© International Campaign to Abolish Nuclear Weapons, Creative Commons License

The classified nature of this study on members of the Marshallese population exposed to radiation has been a potential source of distrust with medical providers. Recent analyses of the study reveal a dose-dependent effect of radiation exposure to risk of cancer. Radiation exposure accounts for around half of all cancers in the most heavily exposed inhabitants of Rongerik Atoll, though radiation exposure was calculated to account for less than 2% of past and future cancer diagnoses among the exposed Marshall Island population as a whole. (Land et al. 2010)

Several trust funds were established for the Marshallese people, though payouts only amounted to a few hundred dollars per year. Citizens of the Republic of the Marshall Islands are not citizens or nationals of the United States. However, they are entitled to apply for admission to the United States as nonimmigrants without visas. They may reside, work, and study in the United States. They do not have the status of lawful permanent residents but can apply for permanent residence status once they come to the U.S.. Marshallese were entitled to Medicaid until the 1990s. Access was reinstated in 2020.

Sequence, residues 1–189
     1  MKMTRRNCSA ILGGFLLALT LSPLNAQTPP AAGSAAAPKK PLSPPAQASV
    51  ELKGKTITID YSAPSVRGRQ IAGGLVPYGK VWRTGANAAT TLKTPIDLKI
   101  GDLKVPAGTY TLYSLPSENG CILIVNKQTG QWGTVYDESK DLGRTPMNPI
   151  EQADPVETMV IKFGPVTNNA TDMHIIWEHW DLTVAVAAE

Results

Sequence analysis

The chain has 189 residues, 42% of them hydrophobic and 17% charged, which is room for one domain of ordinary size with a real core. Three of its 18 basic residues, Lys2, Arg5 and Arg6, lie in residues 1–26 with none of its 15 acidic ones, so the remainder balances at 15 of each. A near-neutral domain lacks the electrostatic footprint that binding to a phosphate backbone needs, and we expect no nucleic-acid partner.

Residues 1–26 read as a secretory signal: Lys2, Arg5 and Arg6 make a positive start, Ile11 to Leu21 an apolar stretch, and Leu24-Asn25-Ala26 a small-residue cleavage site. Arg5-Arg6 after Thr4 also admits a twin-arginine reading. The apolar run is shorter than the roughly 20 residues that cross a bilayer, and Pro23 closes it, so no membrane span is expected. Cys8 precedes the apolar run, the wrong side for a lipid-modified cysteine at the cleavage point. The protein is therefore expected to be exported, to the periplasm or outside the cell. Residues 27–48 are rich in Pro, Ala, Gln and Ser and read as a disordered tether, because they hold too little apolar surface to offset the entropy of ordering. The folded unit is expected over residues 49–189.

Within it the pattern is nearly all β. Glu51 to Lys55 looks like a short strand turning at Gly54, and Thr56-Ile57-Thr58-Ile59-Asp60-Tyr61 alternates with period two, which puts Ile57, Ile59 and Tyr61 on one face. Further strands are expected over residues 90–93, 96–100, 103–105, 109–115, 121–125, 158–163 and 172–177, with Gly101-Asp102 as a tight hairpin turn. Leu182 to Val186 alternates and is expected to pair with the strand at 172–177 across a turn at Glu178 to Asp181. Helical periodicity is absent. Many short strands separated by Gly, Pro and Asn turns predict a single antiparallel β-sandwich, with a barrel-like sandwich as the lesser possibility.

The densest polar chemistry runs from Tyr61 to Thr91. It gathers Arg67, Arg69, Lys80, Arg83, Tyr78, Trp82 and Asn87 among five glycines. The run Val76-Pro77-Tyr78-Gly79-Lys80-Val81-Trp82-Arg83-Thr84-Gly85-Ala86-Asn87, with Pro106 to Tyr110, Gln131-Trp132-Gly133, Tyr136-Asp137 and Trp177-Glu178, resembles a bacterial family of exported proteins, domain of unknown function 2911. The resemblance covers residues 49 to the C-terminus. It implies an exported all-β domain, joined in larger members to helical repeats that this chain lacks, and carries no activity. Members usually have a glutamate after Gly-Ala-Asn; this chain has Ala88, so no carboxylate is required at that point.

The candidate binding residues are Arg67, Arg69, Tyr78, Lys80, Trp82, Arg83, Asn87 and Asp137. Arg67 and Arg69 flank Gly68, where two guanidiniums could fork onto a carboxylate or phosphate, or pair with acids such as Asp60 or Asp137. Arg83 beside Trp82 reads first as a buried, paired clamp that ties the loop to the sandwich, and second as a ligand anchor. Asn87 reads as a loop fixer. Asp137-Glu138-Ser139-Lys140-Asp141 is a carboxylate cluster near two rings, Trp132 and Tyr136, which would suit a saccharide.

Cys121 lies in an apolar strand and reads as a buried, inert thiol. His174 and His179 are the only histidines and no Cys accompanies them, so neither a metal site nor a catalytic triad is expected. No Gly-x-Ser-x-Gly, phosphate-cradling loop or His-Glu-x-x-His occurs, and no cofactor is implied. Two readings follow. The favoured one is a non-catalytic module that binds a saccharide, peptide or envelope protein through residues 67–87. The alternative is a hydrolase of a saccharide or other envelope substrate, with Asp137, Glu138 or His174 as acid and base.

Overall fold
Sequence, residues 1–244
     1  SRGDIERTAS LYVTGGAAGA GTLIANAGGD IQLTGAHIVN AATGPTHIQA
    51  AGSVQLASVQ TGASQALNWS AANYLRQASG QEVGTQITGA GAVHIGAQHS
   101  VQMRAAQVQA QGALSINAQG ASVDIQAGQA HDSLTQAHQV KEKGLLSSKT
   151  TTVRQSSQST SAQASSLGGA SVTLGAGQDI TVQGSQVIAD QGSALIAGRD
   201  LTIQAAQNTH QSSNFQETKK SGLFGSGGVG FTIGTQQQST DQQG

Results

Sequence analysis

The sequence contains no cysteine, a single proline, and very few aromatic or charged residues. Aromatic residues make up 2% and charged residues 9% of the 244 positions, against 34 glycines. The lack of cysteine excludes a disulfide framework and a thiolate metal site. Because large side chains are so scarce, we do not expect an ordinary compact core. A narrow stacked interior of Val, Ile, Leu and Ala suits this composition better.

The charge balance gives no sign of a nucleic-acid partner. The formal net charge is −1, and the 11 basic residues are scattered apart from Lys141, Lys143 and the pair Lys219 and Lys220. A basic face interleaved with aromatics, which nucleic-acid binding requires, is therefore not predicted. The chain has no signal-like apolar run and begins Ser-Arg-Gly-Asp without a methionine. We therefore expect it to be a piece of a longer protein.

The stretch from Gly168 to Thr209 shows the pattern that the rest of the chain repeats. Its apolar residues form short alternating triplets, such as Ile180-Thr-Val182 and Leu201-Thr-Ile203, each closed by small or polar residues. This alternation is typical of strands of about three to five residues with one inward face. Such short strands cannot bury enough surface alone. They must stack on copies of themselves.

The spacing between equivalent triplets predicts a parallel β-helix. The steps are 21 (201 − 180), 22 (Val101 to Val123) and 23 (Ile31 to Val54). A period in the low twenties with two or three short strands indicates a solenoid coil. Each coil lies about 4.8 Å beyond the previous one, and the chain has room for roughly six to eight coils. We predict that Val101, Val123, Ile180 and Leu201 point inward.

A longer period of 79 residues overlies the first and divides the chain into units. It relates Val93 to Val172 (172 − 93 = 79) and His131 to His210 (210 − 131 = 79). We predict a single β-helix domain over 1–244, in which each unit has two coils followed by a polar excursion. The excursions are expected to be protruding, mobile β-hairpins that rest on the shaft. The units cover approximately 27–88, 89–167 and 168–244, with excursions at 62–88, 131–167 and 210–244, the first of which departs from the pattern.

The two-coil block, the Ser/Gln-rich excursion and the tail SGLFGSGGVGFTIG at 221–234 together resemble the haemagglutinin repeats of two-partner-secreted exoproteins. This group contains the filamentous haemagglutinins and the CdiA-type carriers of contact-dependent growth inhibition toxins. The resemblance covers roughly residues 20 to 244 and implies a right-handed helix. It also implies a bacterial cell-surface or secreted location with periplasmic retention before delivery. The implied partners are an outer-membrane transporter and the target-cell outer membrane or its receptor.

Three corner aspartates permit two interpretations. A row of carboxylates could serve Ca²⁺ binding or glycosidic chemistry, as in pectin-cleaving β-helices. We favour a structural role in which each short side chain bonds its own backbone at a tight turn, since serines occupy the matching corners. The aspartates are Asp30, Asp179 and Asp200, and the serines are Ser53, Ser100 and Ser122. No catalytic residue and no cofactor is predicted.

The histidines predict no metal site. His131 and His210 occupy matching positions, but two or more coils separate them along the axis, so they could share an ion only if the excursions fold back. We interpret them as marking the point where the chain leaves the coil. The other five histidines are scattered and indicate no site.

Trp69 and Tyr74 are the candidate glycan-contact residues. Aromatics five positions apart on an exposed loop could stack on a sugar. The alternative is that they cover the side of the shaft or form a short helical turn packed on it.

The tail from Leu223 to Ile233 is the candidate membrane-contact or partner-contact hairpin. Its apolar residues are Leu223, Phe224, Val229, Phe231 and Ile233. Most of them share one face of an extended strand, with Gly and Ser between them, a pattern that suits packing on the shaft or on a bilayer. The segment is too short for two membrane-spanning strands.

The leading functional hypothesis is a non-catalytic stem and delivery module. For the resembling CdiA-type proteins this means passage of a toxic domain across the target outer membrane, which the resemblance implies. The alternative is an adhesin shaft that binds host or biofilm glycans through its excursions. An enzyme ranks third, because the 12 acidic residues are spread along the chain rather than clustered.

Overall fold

This history of nuclear testing has created lingering distrust amongst the Marshallese population towards the U.S. government and medical providers due to exposure to radioactive fallout, the initially classified Project 4.1 medical study, and the limited status provided to migrants who travel to the U.S. 

The ecological destruction, population displacement, and economic dependency which occurred as a result of this nuclear testing has led to high population densities on a number of islands and high rates of diabetes which has contributed to the spread of tuberculosis (Yamada 2001).